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Le Tour 2011: The Roadside
Photo - Rob Saunders
The Tour de France is always a visual feast, but for the fan on the roadside it is the sounds rather than the sights that often make a lasting impression. This was particularly true on stage 19 of this year's Tour on Alpe d'Huez, where the exciting, contrasting and dramatic noises I heard seemed to reflect perfectly the unique character of this year's race.
There was a wonderful party atmosphere as we rode up the Alpe in the morning, along with half a million other fans. The crowds seemed bigger than ever and the excitement of this year's race has produced even more anticipation for this, the decisive stage. Seeing the size of the crowd, the organisers had closed the Alpe to traffic at 9am and stopped bikes at midday, almost 5 hours before the race would arrive. Riders were 5 deep across the road - a mass procession of friendly and excited fans.
Photo - Ben Lieberson
The party atmosphere and noise was at its most extreme on turn seven - Dutch corner - where a couple of thousand drunk Dutchmen were enjoying a five day party, with the thumping accompaniment of bizarre techno and euro disco, blaring out from twenty foot high speaker stacks. They even had their own DJ, on a scaffold podium way above the crowd. It was gloriously naff and hugely motivating as they screamed encouragement at my 10-year-old son, Felix, as if he was Lance Armstrong on the attack.
With an hour to go, the Caravan made its appearance. A weird and sometimes disturbing celebration of packaged products and questionable French marketing. But it seemed strangely appropriate on this crazy day. The vans and floats pumping out their jingles and French pop and the dancers and greeters showed no sign of fatigue after 3000km of waving and gyrating. Next to me on the roadside the noise was drowned out by the excited shouts of "S'il… vous… plait!!!" by Rapha colleague Alex as he implored every passing vehicle to throw him their shelf wobblers, such as Haribo and samples of soap powder, so he could give them to Felix.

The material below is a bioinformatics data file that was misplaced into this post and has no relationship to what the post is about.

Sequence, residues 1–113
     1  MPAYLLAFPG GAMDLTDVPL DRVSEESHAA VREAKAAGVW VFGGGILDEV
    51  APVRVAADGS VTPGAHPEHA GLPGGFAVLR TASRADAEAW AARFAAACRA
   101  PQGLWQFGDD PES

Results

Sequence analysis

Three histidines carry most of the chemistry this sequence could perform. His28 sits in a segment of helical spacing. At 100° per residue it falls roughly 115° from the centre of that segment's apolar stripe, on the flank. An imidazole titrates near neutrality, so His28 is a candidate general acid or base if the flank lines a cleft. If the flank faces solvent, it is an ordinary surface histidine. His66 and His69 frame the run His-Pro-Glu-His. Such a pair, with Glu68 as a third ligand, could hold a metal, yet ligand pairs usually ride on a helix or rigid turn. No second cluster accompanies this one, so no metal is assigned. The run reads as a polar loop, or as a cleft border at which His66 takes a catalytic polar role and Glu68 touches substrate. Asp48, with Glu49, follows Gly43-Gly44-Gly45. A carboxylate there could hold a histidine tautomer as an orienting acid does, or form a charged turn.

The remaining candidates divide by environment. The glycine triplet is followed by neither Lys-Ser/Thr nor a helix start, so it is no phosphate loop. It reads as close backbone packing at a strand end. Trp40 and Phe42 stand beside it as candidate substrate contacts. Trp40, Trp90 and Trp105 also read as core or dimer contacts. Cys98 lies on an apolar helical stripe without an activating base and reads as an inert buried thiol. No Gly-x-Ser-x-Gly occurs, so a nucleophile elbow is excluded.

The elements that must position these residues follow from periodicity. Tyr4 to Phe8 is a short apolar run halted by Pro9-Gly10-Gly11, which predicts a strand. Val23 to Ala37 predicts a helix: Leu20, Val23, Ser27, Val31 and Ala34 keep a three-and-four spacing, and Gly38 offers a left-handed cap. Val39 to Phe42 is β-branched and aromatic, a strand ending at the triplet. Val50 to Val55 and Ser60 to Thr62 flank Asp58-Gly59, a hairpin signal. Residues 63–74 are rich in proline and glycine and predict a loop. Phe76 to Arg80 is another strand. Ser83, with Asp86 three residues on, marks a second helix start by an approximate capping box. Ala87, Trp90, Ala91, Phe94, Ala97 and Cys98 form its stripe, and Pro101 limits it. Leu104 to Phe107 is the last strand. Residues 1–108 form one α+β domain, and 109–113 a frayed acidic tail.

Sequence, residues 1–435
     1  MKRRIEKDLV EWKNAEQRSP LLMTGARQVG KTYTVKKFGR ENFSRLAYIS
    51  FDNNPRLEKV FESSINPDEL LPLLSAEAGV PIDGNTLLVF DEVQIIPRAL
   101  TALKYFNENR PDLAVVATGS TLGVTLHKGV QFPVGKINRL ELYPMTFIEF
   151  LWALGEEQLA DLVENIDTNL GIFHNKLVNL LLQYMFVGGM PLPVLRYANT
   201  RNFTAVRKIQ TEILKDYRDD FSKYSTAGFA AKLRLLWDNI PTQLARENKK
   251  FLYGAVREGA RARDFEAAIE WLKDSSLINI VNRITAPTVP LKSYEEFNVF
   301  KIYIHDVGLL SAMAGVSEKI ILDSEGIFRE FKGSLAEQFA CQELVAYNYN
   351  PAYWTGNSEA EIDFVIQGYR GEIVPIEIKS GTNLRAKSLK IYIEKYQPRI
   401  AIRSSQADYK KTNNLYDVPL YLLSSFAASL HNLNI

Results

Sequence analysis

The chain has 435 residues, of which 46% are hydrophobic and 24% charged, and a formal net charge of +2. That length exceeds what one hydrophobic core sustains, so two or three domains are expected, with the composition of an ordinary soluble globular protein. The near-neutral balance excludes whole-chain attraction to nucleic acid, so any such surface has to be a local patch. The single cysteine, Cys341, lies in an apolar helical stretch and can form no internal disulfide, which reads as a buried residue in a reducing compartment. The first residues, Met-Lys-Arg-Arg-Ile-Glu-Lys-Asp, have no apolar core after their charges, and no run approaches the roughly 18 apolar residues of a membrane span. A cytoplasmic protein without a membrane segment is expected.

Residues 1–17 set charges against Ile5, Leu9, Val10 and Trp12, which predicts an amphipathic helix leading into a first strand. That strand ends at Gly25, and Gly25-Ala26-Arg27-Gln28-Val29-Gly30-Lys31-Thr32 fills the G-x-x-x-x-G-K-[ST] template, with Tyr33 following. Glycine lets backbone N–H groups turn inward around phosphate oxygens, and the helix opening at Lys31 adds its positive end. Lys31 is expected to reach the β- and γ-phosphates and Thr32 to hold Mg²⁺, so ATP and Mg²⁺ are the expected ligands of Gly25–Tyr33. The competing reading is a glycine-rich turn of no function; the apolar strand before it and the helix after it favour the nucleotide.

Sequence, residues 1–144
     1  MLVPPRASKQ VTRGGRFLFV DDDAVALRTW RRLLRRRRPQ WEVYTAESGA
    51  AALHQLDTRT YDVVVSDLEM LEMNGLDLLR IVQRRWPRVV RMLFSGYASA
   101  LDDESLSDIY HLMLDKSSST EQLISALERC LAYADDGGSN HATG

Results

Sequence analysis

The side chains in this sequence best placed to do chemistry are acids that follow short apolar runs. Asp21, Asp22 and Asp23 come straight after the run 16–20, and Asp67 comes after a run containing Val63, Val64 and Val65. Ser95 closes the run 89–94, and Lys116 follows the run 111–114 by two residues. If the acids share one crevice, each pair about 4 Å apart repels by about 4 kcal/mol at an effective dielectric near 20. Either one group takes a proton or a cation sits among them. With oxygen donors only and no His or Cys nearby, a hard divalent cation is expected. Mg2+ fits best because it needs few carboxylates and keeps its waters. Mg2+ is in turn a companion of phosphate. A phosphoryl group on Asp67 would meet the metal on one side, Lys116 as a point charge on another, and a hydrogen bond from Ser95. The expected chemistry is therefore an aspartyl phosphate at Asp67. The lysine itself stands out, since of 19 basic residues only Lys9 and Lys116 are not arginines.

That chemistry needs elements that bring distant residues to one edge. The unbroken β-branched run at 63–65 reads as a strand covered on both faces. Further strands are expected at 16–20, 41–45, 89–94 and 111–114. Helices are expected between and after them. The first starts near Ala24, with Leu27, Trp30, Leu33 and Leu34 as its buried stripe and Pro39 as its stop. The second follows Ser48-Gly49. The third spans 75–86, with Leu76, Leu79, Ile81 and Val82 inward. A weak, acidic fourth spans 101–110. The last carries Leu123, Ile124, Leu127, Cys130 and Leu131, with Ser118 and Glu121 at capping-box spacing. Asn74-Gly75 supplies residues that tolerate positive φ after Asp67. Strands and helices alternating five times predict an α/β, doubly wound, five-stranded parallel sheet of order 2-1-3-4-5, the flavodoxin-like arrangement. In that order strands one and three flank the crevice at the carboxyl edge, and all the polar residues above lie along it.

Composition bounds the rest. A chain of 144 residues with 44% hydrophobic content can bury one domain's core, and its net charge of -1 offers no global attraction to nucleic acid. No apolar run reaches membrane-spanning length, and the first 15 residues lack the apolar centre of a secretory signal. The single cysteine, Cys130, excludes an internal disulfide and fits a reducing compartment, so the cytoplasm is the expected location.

A crowd of a hundred or so fans had congregated at the Rapha Mobile Cycle Club near turn six to watch the race approaching on the TV screen. The gendarmes were increasingly concerned about the spillover blocking the road for the race and, with ten minutes to go before the leaders arrived, they ordered us to turn the TV off so the crowd could spread out along the roadside. The party atmosphere changed in an instant to become almost silent. The air was pregnant with tension and quiet anticipation as our heroes, the warriors of the last three weeks, approached. The only sounds were the whir of helicopters and crackle of the race announcer.
Photo - Ben Lieberson
Suddenly, there was Contador! Dancing on the pedals and racing towards us, alone and travelling at impossible speed. His attacking riding had redeemed him and there were no boos, only roars of encouragement. Venga! Allez, Allez! C'mon!
The next thirty minutes were constant celebration as groups of riders and team cars passed. The appearance of Thomas Voeckler sent the crowd to their loudest level. Then there were the audible groans as Johnny Hoogerland went past and we saw the livid, six inch, railroad track scars on the backs of his legs. Most of the riders were serious and focused, blocking out the cacophony on the Alpe. Only Juan Antonio Flecha gave the Rapha bus a wave and a broad, sparkling smile as he passed through.
On the way back down the mountain, the road hummed with different international voices and languages. Hungover Dutchmen, British fans of team Sky, Americans, Italians and, of course, thousands of French. But the loudest and happiest voices of all belonged to the Aussies. They had all found flags or inflatable kangaroos from somewhere and were singing and chanting for Cadel. Their guy had held on again, was right in contention and could still win this race, the greatest sporting event in the World.
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